The Everson Museum of Art in Syracuse said that the sale of a valuable painting from its collection will allow it to diversify and care for its holdings.
The museum on Friday said that “Red Composition, 1946” by Jackson Pollock was sold by Christie’s auction house on Oct. 6 for $12 million.
The museum said that the American Alliance of Museums and Regents of the State of New York limit the proceeds of the sale to two purposes: to refine and diversify its collection and provide direct care for it. The Everson said it plans to purchase new works by artists of color, women artists, and other under-represented, emerging and mid-career artists.
The museum said that the Pollock painting first belonged to dealer and gallery owner Peggy Guggenheim who was one of Pollock’s earliest and most ardent patrons. Guggenheim then gifted the painting to James (Jimmy) Ernst, son of the Surrealist painter Max Ernst in 1947. In the 1950s, the museum said, the painting was acquired by Syracuse native Marshall Reisman and his wife, Dorothy. It remained in their personal collection for over 40 years before it was donated it to the museum in 1991.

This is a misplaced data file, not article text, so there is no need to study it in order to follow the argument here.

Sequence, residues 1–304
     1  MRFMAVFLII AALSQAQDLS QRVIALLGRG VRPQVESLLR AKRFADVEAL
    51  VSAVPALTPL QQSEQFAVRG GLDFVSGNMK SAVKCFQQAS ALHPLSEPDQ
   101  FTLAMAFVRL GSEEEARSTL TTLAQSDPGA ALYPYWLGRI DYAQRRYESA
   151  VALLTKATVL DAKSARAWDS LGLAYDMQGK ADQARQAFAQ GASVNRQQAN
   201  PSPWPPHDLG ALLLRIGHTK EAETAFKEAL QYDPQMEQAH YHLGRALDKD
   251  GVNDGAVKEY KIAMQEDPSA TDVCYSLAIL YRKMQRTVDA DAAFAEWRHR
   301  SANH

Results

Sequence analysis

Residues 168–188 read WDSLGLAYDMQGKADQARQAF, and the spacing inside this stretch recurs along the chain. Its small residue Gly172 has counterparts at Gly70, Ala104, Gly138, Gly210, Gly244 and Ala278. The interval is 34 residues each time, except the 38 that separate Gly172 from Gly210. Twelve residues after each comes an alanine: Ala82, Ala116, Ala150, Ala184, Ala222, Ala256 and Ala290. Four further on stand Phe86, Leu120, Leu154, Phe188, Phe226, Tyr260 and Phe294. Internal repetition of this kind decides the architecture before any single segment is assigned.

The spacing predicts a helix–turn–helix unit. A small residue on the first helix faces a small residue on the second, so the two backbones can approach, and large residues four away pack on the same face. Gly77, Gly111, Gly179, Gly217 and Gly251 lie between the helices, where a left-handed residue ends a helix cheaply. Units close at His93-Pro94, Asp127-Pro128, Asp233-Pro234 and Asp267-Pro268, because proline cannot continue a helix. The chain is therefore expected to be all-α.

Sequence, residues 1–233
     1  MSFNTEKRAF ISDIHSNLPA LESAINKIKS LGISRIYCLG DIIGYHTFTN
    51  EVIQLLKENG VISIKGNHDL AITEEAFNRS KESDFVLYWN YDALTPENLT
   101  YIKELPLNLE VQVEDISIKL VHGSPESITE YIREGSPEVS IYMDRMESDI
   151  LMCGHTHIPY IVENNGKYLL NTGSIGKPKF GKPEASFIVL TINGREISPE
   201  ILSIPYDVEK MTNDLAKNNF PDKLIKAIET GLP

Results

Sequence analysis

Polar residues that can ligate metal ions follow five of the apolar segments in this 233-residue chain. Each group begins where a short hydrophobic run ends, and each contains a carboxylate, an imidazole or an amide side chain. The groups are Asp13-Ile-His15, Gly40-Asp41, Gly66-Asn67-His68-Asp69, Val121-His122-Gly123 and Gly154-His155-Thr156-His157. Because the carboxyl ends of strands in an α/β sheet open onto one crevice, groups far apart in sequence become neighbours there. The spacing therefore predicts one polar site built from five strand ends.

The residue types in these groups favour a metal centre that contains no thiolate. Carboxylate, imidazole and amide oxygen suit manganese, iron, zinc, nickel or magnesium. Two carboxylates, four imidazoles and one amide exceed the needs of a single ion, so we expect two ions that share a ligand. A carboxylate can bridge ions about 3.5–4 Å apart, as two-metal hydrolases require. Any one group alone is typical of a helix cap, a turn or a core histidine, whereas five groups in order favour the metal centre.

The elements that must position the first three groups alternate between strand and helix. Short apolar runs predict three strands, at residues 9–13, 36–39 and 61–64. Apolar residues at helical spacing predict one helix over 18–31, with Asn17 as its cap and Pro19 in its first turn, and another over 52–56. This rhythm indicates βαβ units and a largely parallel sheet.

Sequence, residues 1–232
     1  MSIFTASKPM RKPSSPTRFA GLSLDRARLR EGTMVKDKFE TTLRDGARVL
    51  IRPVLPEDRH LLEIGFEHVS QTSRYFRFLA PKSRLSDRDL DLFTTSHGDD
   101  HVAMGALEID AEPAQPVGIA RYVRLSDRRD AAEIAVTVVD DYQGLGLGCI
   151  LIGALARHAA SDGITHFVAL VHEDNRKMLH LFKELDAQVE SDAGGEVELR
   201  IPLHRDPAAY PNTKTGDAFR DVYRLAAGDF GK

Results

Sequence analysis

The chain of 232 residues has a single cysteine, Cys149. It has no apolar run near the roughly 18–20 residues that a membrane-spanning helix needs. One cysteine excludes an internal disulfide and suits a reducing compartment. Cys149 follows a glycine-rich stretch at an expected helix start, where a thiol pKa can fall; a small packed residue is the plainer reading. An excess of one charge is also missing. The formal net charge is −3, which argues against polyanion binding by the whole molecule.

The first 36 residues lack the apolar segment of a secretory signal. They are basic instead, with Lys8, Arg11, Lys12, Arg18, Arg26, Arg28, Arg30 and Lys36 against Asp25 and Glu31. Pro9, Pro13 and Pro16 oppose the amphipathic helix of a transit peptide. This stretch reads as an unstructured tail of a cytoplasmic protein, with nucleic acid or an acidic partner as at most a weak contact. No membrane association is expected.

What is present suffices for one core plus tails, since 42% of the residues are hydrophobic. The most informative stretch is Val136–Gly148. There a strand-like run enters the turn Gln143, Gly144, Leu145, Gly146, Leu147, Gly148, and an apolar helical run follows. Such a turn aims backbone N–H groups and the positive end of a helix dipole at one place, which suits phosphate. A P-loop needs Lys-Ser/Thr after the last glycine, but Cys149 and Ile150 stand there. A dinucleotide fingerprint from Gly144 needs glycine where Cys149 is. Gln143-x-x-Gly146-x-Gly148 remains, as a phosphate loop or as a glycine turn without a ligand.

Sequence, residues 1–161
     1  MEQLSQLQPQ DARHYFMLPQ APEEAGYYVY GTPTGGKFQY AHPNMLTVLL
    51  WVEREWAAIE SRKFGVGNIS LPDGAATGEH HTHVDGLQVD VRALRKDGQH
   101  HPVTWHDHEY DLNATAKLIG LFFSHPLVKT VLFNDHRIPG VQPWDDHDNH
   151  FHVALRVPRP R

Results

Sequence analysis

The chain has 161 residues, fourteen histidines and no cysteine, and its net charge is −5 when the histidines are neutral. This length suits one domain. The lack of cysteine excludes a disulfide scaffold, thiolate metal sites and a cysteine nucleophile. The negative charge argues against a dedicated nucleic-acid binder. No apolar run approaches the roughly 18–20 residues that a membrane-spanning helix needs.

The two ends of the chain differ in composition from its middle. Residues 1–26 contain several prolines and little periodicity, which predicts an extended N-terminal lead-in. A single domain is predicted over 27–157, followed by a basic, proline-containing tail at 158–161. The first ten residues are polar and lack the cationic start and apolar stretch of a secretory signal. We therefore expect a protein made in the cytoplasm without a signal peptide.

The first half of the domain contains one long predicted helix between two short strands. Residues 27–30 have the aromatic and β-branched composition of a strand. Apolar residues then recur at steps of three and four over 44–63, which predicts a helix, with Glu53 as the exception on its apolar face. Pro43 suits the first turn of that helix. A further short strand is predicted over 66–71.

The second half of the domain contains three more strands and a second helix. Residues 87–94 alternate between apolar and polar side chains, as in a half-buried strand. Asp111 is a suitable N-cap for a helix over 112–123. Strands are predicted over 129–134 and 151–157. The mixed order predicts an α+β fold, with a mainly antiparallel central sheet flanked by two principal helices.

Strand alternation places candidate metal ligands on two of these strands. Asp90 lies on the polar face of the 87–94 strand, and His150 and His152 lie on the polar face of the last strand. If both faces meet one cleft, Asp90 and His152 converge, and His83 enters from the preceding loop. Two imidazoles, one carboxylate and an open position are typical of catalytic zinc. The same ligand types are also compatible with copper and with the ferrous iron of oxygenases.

In addition to allowing it to make new acquisitions, the museum said that proceeds from the sale will be invested in conservation measures including the restoration of “Two Piece Reclining Figure No. 3” by Henry Moore, which has been on display since the museum’s opening in 1968. The Everson said it will also improve its on-site storage, enabling more of the collection to be housed at the Museum and available for scholarly study and public viewing.